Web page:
Source Parameters of the Upper-Mantle September 21, 2013 Mw4.8 Wyoming Earthquake

Friday, 19 December 2014
Berenice Froment, Massachusetts Institute of Technology, Earth, Atmospheric and Planetary Sciences, Cambridge, MA, United States, German A Prieto, Massachusetts Institute of Technology, Cambridge, MA, United States and Rachel E Abercrombie, Boston University, Boston, MA, United States
On September 21, 2013, a Mw4.8 earthquake occurred at more than 70 km deep in the Wind River Range (western Wyoming). Moment tensor inversions show dominant strike-slip faulting with a small reverse component, with nodal planes striking nearly ENE and NW. While intermediate-depth earthquakes are common in a subduction context, there have been very few upper-mantle intraplate events. The 2012 Mw8.6 off-shore Sumatra event is an example of a « deep » intraplate strike-slip earthquake which occurred in the low ocean crust or mantle. The Wyoming event is thus a very unique example of deep intracontinental earthquake. The physical mechanism responsible of intermediate-depth earthquakes remains under debate. This work aims at determining robust source parameters to investigate any distinct characteristic from that for shallow earthquakes or subduction zone intermediate-depth events.

We adopt the empirical Green’s function (EGF) approach to empirically correct for path and site effects. The nearby Ml3.0 aftershock which occurred 2 hours after the mainshock and at similar depth, is considered as EGF earthquake. This only aftershock is located at ~5 km from the mainshock and turns out to be a good EGF since both earthquakes generate high-correlated waveforms. Using the multitaper approach we are able to deconvolve the EGF from the mainshock with robust spectral and temporal representations. We use both the spectral (spectral ratio) and the temporal (source time function) information to obtain a more robust estimate of the source duration and the corresponding corner frequency, but require an adaptive window in order to have good signal to noise ratios in as wide a frequency band as possible. We propose a semi-automatic, adaptive time window approach, that allows for a robust measurement at each single station, thereby enhancing the analysis of the azimuthal distribution of corner frequencies.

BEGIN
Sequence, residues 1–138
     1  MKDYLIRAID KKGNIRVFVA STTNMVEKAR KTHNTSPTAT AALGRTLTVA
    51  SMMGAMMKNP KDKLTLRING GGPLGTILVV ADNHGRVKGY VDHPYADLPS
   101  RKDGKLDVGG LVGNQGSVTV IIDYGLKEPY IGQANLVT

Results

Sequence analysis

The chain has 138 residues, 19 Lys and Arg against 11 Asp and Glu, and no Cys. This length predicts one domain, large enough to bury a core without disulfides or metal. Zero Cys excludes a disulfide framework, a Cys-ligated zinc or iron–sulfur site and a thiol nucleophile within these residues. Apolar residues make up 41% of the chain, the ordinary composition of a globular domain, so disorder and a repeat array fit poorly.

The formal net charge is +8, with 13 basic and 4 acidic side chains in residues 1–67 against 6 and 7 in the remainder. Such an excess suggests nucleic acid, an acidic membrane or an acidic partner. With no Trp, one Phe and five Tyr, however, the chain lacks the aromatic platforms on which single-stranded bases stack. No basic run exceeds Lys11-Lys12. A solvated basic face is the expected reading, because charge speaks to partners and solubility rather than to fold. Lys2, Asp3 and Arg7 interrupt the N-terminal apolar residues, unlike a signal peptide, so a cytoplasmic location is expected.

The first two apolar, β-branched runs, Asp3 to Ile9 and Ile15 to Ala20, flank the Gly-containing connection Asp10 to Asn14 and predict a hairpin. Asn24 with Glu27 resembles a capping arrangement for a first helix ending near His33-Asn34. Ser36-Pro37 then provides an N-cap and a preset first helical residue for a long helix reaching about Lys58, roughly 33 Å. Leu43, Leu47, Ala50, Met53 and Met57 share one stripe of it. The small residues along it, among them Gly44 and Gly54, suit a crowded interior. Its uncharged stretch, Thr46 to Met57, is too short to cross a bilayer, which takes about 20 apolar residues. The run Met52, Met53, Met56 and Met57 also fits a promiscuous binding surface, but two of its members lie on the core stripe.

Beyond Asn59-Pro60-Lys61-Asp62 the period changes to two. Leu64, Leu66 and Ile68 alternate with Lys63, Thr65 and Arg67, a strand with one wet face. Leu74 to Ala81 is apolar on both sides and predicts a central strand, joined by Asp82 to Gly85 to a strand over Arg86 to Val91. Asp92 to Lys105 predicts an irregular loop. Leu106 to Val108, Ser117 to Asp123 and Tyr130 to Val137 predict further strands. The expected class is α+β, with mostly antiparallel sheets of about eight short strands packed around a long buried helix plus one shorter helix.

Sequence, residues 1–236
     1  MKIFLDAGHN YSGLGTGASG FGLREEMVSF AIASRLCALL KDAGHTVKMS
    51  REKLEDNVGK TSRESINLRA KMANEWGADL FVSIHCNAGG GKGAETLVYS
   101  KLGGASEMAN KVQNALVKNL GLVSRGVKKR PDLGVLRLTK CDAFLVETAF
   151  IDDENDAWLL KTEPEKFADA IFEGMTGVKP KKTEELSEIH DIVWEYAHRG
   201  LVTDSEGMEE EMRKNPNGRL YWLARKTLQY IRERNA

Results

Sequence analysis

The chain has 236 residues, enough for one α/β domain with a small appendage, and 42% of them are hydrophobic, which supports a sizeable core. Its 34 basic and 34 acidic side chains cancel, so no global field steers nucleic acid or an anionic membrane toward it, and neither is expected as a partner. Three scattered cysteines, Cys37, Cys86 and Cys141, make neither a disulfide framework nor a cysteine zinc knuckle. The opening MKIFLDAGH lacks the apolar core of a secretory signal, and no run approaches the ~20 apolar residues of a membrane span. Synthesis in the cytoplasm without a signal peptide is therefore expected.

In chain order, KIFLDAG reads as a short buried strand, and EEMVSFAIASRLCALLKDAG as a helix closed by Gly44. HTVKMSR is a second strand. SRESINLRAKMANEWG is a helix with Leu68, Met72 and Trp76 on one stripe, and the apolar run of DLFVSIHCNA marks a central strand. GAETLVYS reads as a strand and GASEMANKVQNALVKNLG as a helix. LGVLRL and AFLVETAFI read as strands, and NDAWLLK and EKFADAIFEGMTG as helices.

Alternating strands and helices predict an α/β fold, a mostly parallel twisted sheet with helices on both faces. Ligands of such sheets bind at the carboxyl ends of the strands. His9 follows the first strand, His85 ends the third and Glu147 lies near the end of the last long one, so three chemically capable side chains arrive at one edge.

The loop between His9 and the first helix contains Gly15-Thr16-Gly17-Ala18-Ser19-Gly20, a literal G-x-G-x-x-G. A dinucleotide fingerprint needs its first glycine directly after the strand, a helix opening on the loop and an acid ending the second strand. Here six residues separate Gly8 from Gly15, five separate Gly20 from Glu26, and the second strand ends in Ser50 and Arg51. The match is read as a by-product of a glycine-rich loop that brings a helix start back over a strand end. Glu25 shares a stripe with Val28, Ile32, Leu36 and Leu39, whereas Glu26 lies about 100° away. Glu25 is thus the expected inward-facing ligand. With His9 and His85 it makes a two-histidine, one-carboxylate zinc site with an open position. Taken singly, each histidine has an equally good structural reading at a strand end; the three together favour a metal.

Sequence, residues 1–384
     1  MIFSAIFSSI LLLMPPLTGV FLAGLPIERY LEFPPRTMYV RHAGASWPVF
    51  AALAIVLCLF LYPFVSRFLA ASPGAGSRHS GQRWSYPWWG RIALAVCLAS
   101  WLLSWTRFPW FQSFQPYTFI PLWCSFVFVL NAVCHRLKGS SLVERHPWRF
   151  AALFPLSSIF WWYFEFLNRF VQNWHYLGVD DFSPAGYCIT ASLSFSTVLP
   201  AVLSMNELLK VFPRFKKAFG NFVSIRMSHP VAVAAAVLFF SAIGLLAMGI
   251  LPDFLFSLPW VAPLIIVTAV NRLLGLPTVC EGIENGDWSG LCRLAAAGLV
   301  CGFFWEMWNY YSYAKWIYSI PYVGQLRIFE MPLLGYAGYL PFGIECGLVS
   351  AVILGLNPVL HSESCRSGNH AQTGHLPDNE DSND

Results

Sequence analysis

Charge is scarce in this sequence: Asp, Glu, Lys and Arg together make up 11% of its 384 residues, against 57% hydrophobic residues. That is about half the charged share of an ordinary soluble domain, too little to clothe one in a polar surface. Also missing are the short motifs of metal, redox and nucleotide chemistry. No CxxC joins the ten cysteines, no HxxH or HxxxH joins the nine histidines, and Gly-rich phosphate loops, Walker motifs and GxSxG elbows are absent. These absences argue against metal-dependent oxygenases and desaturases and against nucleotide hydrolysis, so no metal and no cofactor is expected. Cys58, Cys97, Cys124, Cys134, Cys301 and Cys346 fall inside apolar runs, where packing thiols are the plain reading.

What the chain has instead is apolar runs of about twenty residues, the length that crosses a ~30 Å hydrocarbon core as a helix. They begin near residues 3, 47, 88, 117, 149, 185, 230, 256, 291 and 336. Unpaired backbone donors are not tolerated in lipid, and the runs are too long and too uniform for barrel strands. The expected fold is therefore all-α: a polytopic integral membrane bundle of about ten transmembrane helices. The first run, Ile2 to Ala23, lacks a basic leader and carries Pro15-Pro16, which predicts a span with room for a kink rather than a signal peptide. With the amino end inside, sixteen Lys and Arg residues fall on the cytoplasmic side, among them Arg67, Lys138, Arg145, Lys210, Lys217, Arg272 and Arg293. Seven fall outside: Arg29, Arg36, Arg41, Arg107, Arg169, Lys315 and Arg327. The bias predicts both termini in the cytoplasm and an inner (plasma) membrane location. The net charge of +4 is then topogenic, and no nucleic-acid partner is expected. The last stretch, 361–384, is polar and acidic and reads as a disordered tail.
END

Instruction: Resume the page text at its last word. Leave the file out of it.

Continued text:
We additionally investigate the radiated seismic energy of the Mw4.8 earthquake, in order to test whether the seismic efficiency provides additional constraints to explain any differences with respect to crustal earthquakes or other intermediate-depth earthquakes.